Poster 067. A Description of the Systemwide Application of Transcutaneous Cardiac Pacing in an Urban EMS System

Scott Jolley, Theodore Delbridge
1995 Prehospital and Disaster Medicine  
Objective:Transcutaneous cardiac pacing (TCP) is known to be efficacious in sustaining patients with high-degree atrioventricular block. The purpose of this study was to describe EMS systemwide application of TCP and determine its cost effectiveness.Methods:We performed a retrospective review of patient records from an urban, municipal, advanced life-support (ALS) EMS system during the first year (1993) of systemwide application of TCP. From each record, we determined patient age and gender;
more » ... diac rhythm, heart rate (HR), and systolic blood pressure (SBP) prior to pacing; absence or presence of a pulse while pacing; time interval to a hospital while pacing; HR and SBP during pacing and on arrival at the hospital. We determined the fixed and variable costs to the system for implementing and maintaining the TCPs.Results:During the study period, the EMS system responded to 60,242 emergency calls. Transcutaneous pacing pads were applied to 69 patients, and TCP was attempted for 60 patients (mean ±SD age 67.1±14.7 years).Transcutaneous cardiac pacing resulted in a positive outcome for 11 patients who achieved and maintained electromechanical capture and a pulse until arrival at a hospital (mean age 66±8 years). For this group the mean HR and SBP were 44±38 beats per minute (BPM) and 31±38 mm Hg, respectively prior to pacing and were 78±28 BPM and 101.2±36.7 mmHg, respectively, on arrival at the hospital. These patients were paced for 10.5±10 minutes prior to the hospital. The annual cost of TCP for the EMS system was [US] $5,435 ($4,400 fixed costs, plus $1,035 variable costs).Conclusion:The results suggest that TCP is a valuable adjunct for patients suffering from atrioventricular blocks and junctional rhythms, but not for idioventricular or asystolic rhythms. For this urban EMS system the cost of TCP is approximately $494 per positive patient outcome.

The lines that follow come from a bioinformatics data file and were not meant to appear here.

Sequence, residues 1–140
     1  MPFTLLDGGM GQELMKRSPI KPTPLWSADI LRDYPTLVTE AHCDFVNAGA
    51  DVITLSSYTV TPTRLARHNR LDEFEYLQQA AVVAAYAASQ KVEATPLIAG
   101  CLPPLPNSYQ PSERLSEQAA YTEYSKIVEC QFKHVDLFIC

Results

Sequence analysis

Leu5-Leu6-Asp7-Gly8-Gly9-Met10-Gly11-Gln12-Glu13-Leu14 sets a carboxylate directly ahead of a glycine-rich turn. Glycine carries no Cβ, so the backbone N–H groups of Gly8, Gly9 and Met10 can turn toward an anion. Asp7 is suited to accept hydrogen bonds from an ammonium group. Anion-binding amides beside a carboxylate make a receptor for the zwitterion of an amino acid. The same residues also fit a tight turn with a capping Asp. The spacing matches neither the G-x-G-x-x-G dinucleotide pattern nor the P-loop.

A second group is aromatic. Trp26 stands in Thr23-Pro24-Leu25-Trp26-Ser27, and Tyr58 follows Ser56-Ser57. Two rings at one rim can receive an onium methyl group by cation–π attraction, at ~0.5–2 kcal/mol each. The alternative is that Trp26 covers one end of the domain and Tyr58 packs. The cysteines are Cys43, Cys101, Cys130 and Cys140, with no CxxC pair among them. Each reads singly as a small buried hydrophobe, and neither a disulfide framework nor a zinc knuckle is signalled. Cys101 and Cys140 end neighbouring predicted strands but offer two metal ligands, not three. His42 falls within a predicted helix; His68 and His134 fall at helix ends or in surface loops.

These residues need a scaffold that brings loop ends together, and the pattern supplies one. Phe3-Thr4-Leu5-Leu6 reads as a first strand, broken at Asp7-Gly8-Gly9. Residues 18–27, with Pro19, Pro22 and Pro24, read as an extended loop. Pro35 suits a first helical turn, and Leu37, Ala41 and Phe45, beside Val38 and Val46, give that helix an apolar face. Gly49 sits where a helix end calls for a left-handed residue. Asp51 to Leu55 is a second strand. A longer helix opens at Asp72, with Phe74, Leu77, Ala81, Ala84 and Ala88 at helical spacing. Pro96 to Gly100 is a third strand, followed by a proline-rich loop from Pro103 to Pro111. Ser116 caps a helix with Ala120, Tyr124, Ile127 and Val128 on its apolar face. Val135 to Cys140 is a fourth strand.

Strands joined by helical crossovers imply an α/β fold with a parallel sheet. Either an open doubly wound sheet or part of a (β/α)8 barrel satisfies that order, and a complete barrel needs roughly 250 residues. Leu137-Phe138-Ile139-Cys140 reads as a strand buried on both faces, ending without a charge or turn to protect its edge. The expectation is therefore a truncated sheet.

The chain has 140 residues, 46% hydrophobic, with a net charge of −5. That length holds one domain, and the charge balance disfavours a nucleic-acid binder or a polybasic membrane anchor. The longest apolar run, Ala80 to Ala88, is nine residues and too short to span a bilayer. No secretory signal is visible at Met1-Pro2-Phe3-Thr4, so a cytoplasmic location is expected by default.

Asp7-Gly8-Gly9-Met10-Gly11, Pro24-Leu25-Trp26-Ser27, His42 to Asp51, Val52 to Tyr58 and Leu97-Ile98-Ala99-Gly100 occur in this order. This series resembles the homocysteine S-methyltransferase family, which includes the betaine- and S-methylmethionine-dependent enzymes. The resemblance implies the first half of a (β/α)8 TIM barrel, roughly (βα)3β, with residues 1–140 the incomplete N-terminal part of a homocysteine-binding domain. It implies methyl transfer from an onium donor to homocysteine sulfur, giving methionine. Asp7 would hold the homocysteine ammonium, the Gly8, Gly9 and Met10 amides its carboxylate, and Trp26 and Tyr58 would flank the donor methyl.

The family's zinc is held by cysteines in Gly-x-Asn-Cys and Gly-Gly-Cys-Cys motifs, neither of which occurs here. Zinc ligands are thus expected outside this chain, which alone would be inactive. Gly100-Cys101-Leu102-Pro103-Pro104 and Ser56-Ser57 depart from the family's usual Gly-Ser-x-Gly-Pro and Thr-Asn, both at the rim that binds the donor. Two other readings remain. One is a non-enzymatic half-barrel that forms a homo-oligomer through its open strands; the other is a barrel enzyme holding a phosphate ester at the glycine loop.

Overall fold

doi:10.1017/s1049023x00050950 fatcat:m5i32zds5zbfjf6k6ztmypbhu4